Harley-Davidson, Inc. or Harley, is an American motorcycle manufacturer, founded in Milwaukee, Wisconsin in 1903. One of two major American motorcycle manufacturers to survive the Great Depression, the company has survived numerous ownership arrangements, subsidiary arrangements, periods of poor economic health and product quality, as well as intense global competition, to become one of the world's largest motorcycle manufacturers and an iconic brand known for its loyal following. There are events worldwide as well as a company-sponsored brand-focused museum. Noted for a style of customization that gave rise to the chopper motorcycle style, Harley-Davidson traditionally marketed heavyweight, air-cooled cruiser motorcycles with engine displacements greater than 700 cm³ and has broadened its offerings to include its more contemporary VRSC and middle-weight Street platforms. Harley-Davidson manufactures its motorcycles at factories in Pennsylvania. Construction of a new plant in Thailand is scheduled to begin in late 2018.
The company markets its products worldwide. Besides motorcycles, the company licenses and markets merchandise under the Harley-Davidson brand, among them apparel, home decor and ornaments, accessories and scale figures of its motorcycles, video games based on its motorcycle line and the community. In 1901, 20-year-old William S. Harley drew up plans for a small engine with a displacement of 7.07 cubic inches and four-inch flywheels. The engine was designed for use in a regular pedal-bicycle frame. Over the next two years and his childhood friend Arthur Davidson worked on their motor-bicycle using the northside Milwaukee machine shop at the home of their friend, Henry Melk, it was finished in 1903 with the help of Walter Davidson. Upon testing their power-cycle and the Davidson brothers found it unable to climb the hills around Milwaukee without pedal assistance, they wrote off their first motor-bicycle as a valuable learning experiment. Work began on a new and improved second-generation machine.
This first "real" Harley-Davidson motorcycle had a bigger engine of 24.74 cubic inches with 9.75 inches flywheels weighing 28 lb. The machine's advanced loop-frame pattern was similar to the 1903 Milwaukee Merkel motorcycle; the bigger engine and loop-frame design took it out of the motorized bicycle category and marked the path to future motorcycle designs. The boys received help with their bigger engine from outboard motor pioneer Ole Evinrude, building gas engines of his own design for automotive use on Milwaukee's Lake Street; the prototype of the new loop-frame Harley-Davidson was assembled in a 10 ft × 15 ft shed in the Davidson family backyard. Most of the major parts, were made elsewhere, including some fabricated at the West Milwaukee railshops where oldest brother William A. Davidson was toolroom foreman; this prototype machine was functional by September 8, 1904, when it competed in a Milwaukee motorcycle race held at State Fair Park. It was placed fourth; this is the first documented appearance of a Harley-Davidson motorcycle in the historical record.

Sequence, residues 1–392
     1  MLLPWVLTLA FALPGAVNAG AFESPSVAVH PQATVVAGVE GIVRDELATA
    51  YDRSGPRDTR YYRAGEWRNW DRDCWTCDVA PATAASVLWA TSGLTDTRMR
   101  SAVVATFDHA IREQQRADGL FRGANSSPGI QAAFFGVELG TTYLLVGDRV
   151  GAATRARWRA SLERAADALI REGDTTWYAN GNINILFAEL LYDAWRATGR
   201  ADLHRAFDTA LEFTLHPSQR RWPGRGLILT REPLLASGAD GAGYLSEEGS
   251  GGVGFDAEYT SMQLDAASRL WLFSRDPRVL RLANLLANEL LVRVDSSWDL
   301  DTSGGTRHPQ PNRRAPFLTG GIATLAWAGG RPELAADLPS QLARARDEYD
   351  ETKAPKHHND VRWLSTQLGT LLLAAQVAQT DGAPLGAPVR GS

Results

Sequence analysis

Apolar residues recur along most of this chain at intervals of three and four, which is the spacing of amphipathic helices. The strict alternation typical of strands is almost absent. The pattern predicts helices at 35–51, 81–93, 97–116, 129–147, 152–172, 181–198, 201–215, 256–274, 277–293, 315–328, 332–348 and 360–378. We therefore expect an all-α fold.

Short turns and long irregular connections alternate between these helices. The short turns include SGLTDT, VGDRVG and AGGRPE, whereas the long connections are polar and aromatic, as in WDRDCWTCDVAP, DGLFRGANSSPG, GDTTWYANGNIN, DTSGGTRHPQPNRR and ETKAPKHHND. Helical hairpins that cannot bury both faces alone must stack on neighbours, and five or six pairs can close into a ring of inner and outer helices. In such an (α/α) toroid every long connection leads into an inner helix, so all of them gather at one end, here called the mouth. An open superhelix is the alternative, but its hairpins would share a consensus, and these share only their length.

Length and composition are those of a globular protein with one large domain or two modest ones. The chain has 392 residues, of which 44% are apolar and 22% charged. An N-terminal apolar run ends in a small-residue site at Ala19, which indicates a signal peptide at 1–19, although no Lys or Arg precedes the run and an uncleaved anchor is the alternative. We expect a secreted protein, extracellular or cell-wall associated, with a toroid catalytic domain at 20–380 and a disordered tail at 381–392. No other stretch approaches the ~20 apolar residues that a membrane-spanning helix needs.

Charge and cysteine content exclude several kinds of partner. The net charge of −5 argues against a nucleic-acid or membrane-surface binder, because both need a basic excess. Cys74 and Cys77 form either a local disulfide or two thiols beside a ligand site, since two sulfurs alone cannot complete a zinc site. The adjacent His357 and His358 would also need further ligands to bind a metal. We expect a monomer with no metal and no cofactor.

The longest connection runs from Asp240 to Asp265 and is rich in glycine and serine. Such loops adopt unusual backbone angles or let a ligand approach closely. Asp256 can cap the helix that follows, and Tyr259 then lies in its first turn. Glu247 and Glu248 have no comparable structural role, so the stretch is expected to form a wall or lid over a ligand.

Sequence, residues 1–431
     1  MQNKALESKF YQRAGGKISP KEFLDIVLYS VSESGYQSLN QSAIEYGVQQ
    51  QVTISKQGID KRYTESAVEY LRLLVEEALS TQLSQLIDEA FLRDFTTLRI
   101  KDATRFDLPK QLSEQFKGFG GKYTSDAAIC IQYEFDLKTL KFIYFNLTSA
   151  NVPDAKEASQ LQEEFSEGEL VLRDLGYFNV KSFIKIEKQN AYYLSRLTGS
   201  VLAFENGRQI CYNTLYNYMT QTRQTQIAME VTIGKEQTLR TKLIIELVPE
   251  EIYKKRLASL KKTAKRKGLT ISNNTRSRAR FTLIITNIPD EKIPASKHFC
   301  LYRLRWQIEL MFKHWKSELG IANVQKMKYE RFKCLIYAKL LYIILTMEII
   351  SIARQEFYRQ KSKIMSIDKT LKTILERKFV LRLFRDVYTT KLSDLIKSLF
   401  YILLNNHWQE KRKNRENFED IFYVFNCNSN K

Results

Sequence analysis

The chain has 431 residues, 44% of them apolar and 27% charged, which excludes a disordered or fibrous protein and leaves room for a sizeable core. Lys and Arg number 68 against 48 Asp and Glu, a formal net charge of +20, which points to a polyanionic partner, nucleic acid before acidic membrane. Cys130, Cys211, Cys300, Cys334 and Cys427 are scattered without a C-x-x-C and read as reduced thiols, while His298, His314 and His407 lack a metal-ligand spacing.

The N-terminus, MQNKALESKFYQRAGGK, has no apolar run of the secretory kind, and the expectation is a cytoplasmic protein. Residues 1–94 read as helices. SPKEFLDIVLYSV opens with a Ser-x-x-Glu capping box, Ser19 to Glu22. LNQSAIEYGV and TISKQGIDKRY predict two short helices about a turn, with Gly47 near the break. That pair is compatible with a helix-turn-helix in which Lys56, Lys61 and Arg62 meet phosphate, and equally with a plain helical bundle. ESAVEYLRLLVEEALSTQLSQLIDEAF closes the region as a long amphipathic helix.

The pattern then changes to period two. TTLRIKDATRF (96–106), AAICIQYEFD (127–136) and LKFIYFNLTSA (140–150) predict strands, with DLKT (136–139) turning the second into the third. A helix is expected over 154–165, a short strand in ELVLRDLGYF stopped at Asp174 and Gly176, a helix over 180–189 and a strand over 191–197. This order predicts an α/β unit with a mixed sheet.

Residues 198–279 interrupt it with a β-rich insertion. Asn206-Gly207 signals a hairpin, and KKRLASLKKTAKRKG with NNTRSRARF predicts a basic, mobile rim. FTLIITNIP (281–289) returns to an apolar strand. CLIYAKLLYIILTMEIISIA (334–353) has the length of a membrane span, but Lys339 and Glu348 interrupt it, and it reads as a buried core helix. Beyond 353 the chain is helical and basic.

In January 1905, small advertisements were placed in the Automobile and Cycle Trade Journal offering bare Harley-Davidson engines to the do-it-yourself trade. By April, complete motorcycles were in production on a limited basis; that year, the first Harley-Davidson dealer, Carl H. Lang of Chicago, sold three bikes from the five built in the Davidson backyard shed. Years the original shed was taken to the Juneau Avenue factory where it would stand for many decades as a tribute to the Motor Company's humble origins until it was accidentally destroyed by contractors cleaning the factory yard in the early 1970s. In 1906, Harley and the Davidson brothers built their first factory on Chestnut Street, at the current location of Harley-Davidson's corporate headquarters; the first Juneau Avenue plant was a 40 ft × 60 ft single-story wooden structure. The company produced about 50 motorcycles that year. In 1907, William S. Harley graduated from the University of Wisconsin–Madison with a degree in mechanical engineering.
That year additional factory expansion came with a second floor and with facings and additions of Milwaukee pale yellow brick. With the new facilities production increased to 150 motorcycles in 1907; the company was incorporated that September. They began selling their motorcycles to police departments around this time, a market, important to them since. In 1907 William A. Davidson, brother to Arthur and Walter Davidson, quit his job as tool foreman for the Milwaukee Road railroad and joined the Motor Company. Production in 1905 and 1906 were all single-cylinder models with 26.84 cubic inch engines. In February 1907 a prototype model with a 45-degree V-Twin engine was displayed at the Chicago Automobile Show. Although shown and advertised few V-Twin models were built between 1907 and 1910; these first V-Twins produced about 7 horsepower. This gave about double the power of the first singles. Top speed was about 60 mph. Production jumped from 450 motorcycles in 1908 to 1,149 machines in 1909. By 1911, some 150 makes of motorcycles had been built in the United States – although just a handful would survive the 1910s.
In 1911, an improved V-Twin model was introduced. The new engine had me